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We get this daily data feed. (We have no control over the original data, so asking them to correct the database isn't an option.)

The customer records contain addresses in the US. Street address, City, State and Zip.

On our end, we use the data in a database for the marketing department. They sometimes find the address is incorrect, or incomplete, and want to make changes to it. But of course, the next data feed would come in and wipe out their corrections.

Is there a method inf MySQL to protect certain fields from being changes, kind of like a protected cell in a spreadsheet. This is some of the field names of the MySQL record layout:


What if I created along side of this, additional fields that are flagged either "Y" or "N" as being a protected field:


So when the marketing department corrects, for example, the zipcode, it would set the zipcode_flag to "Y" meaning, Yes protect the field zipcode from further changes. If the original data feed does get corrected at a later point, then if zipcode from the marketing department's database matches the original field, then the zipcode_flag protection would be changed to "N".

Does this sound like the correct method to manage the marketing department's database from the daily feed? Or is there another approach or feature available in MySQL to do this? Thanks!

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Hopefully this will help you –  Bondye Nov 8 '12 at 14:04

2 Answers 2

up vote 2 down vote accepted

I don't think there's a "protected" flag or feature, but there are a few roads you could take to accomplish your goal.

The first and most specific would be to create a "restricted user" in MySQL. To restrict the user, you can/would grant only SELECT privileges to the column(s) you don't want modified. To do this you would use:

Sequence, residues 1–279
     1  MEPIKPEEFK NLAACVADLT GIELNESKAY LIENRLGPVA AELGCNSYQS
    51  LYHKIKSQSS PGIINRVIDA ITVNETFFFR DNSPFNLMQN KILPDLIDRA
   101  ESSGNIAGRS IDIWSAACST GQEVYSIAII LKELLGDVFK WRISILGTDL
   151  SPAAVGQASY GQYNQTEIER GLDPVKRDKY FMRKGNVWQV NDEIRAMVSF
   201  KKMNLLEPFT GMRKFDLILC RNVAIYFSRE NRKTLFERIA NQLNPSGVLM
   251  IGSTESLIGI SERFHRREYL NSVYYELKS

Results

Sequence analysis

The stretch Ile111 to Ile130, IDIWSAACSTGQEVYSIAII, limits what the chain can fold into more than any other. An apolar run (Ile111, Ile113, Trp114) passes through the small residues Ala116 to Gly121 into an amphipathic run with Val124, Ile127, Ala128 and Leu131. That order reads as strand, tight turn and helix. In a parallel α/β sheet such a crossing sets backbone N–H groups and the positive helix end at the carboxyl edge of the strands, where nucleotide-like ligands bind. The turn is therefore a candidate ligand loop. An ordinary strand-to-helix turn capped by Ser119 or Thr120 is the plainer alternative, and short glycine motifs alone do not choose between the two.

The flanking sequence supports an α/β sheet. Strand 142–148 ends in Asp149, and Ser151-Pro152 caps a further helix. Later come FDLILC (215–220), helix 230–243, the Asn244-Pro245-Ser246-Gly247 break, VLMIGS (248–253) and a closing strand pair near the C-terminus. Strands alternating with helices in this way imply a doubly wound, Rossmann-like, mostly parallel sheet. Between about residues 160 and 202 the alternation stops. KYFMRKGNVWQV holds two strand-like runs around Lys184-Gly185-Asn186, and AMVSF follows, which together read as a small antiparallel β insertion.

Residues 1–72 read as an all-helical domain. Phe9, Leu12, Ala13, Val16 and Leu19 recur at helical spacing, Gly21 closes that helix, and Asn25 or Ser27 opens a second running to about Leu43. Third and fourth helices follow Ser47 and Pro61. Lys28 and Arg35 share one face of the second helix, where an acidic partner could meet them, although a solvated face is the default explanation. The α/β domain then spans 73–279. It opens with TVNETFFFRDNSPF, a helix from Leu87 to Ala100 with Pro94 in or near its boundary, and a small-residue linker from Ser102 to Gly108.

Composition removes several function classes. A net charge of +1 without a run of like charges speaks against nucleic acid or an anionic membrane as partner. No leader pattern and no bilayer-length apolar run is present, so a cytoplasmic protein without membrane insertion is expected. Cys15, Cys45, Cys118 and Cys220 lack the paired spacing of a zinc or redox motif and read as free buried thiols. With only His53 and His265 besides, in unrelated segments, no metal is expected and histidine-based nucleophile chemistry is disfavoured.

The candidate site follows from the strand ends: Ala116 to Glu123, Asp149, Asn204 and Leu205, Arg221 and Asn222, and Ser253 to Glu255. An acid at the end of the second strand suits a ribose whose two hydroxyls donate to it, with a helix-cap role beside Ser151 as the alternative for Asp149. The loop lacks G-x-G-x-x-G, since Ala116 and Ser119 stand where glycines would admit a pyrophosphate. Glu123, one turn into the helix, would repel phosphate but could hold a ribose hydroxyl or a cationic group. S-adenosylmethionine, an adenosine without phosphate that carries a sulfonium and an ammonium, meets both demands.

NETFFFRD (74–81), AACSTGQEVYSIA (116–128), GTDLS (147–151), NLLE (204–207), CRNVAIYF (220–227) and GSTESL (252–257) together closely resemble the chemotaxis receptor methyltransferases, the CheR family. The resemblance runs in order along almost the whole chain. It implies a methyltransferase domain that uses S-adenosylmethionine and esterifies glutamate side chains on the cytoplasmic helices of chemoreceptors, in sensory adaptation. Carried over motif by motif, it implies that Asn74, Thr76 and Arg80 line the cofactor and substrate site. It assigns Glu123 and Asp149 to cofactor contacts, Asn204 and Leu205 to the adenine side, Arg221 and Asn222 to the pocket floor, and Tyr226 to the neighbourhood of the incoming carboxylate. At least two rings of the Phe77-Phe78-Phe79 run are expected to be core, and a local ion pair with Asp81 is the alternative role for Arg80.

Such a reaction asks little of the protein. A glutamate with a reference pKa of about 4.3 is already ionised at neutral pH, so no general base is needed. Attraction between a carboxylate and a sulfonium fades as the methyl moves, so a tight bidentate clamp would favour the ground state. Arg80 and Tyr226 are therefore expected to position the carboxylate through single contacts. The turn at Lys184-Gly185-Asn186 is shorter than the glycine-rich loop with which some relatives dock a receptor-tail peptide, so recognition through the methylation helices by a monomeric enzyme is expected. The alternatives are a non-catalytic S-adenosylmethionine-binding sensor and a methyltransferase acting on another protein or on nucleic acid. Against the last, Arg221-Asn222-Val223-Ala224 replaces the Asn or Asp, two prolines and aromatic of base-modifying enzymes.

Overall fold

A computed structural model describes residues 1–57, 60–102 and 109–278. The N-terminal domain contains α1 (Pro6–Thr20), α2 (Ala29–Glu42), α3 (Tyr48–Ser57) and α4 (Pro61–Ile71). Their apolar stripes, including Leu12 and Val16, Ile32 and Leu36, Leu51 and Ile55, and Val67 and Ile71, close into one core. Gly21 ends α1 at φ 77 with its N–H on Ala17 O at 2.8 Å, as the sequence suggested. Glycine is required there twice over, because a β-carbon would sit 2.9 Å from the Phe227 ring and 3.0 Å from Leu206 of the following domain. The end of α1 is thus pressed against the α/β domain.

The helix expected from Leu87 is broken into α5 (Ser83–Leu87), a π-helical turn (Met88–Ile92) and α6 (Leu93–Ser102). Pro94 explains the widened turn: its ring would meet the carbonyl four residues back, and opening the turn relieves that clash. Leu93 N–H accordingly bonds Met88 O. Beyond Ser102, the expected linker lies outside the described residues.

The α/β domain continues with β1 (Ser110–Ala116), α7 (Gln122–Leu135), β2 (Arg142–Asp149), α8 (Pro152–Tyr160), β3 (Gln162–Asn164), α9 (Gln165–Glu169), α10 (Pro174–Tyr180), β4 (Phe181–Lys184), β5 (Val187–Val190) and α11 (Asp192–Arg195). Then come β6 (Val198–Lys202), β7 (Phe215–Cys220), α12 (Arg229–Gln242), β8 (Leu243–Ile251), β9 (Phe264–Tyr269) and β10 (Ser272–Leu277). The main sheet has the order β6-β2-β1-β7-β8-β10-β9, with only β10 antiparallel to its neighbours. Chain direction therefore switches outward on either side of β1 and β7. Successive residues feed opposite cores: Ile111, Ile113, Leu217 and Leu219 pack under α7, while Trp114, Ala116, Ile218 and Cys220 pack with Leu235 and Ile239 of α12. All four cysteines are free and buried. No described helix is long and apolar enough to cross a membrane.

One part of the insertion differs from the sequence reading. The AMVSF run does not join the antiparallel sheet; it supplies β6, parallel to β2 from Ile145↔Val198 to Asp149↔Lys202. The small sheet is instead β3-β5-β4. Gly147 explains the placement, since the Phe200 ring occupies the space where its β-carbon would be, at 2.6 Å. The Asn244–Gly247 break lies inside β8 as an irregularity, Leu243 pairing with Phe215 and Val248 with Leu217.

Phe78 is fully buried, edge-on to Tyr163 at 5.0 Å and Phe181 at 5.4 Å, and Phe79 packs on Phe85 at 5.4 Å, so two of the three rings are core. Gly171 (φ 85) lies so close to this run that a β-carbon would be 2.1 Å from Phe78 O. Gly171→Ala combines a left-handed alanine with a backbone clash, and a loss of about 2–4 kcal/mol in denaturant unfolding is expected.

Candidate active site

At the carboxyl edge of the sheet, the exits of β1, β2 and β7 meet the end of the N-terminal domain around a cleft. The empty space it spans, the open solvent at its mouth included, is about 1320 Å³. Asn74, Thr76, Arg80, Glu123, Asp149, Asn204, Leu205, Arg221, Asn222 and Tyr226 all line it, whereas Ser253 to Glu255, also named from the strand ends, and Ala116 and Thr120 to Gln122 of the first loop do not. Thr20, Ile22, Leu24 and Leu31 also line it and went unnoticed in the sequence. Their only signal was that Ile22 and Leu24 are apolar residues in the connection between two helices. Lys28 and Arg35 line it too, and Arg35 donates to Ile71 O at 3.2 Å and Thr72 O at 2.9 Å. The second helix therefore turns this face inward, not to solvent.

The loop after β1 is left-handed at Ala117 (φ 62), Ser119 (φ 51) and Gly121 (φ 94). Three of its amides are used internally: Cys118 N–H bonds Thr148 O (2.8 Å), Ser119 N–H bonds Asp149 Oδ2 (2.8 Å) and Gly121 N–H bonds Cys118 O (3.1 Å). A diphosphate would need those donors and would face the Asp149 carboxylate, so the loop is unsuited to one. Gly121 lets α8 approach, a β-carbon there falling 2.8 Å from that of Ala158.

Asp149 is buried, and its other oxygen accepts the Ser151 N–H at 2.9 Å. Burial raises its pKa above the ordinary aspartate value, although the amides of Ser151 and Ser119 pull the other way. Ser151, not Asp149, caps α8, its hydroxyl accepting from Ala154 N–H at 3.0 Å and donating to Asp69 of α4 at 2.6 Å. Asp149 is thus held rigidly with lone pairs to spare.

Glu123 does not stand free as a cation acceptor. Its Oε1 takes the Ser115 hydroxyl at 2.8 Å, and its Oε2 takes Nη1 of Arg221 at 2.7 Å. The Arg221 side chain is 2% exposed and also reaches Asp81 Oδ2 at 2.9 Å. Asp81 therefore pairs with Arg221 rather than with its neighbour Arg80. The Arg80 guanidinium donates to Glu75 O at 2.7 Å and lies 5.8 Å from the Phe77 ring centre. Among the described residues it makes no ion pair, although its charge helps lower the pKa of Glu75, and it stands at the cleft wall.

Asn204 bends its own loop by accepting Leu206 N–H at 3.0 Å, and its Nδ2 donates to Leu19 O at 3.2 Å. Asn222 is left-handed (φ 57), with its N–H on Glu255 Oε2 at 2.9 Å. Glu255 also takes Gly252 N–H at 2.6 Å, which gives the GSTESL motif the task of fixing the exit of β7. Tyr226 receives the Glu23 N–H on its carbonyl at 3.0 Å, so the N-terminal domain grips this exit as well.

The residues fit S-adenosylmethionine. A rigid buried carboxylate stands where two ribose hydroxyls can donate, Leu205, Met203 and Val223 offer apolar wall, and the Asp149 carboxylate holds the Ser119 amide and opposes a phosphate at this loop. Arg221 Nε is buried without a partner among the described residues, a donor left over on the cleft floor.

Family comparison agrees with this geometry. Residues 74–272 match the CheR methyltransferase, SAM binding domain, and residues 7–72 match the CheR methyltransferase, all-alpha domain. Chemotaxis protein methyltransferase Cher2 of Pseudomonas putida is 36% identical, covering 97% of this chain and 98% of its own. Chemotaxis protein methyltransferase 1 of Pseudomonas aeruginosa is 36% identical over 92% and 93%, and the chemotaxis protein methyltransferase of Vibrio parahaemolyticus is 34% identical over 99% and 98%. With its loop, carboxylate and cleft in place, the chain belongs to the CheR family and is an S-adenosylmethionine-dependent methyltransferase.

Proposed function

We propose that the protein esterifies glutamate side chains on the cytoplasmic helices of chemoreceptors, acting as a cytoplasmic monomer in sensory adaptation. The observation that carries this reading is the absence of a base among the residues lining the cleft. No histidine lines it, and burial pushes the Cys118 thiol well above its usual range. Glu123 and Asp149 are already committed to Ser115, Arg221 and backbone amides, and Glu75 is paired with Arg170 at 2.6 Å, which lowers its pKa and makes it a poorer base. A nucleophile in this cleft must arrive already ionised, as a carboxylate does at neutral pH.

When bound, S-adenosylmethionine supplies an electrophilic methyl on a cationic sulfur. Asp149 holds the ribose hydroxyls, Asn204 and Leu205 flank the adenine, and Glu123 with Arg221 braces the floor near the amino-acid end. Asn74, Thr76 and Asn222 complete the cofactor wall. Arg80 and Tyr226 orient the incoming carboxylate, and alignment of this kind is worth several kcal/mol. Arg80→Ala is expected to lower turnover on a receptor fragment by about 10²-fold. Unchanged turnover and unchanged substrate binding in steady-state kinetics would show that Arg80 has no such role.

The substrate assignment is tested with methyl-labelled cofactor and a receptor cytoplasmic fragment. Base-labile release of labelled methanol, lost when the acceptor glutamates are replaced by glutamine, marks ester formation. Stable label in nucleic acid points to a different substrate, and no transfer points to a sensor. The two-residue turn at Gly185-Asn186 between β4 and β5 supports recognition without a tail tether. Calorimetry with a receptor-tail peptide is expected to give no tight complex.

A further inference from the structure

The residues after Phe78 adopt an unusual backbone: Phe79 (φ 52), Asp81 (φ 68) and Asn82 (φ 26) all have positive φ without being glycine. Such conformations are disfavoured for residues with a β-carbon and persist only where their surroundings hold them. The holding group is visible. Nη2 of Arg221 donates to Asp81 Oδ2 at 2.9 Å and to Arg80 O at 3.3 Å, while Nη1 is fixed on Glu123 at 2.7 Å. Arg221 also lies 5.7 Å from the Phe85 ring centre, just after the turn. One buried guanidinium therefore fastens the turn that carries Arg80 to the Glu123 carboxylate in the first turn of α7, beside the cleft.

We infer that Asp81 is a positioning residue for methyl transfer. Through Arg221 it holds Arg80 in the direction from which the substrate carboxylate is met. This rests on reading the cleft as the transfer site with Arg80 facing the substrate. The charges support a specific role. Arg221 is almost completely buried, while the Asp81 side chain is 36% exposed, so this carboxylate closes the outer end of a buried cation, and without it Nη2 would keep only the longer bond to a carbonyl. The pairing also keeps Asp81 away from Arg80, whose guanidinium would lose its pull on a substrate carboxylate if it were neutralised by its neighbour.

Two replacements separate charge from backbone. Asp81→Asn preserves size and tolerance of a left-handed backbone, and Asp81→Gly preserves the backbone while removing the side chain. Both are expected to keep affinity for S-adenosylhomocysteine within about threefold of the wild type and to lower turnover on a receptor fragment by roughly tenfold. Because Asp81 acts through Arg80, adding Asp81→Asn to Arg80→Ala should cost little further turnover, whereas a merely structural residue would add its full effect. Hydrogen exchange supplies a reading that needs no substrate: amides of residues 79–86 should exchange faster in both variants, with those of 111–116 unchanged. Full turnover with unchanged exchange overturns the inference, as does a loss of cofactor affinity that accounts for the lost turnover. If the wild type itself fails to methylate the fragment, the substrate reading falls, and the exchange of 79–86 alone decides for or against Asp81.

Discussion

GRANT SELECT(zipcode) ON addresses TO restrictedUser;

You can see a good example of this here, or get detailed information in the manual.

A second method would be to create a procedure that selects/inserts/updates. This one may be overkill, but could be accomplished to suit your needs and won't require modifying user permissions.

A simple example of a select and update procedure would be (not tested):

CREATE PROCEDURE select_addresses ()
   SELECT address1, zipcode FROM addresses;

CREATE PROCEDURE update_addresses ( IN recordID INT(11), IN newAddress1 VARCHAR(255) )
    SET @query := CONCAT("UPDATE addresses SET address1 = '", newAddress1, "' WHERE id = ", recordId);
    PREPARE stmt FROM @query;
    EXECUTE stmt;

This will allow a user to select any column you specify that they're allowed to read by calling select_addresses() and then perform an update on any allowed column via update_addresses(). You'd have to add several layers of logic to only update variables that have been set, etc - so using a procedure may in fact be overkill =P

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So when an UPDATE is done by the restrictedUser they would only be allowed to update the other fields, but not the zipcode field? When the restrictedUser user attempts to UPDATE the zipcode field, does this generate an error condition in MySQL? I would be programming this in PHP, if that matters. –  Edward Nov 8 '12 at 14:09
@Edward Correct, it would fail with an error. The error would be probably be an 'Access denied' error. –  newfurniturey Nov 8 '12 at 14:12
OK, so in PHP would there be a check to see if permission is denied so it doesn't generate an error? I would want the daily feed to be able to add new customer records, but not change the zipcode field (in this example). Thanks! –  Edward Nov 8 '12 at 14:15
@Edward Yeah, you could actually. When there's an error you can always check the error-number returned to determine "what kind" of error it was. The exact error (for an UPDATE) will look like "ERROR 1143 (42000): UPDATE command denied to user ...". This means, the error-number will be 1143. If you're using mysqli, you can get the number via $mysqli->errno (check here for more info). –  newfurniturey Nov 8 '12 at 14:29

You can manage privileges at the column-level: http://dev.mysql.com/doc/refman/5.1/en/grant.html.

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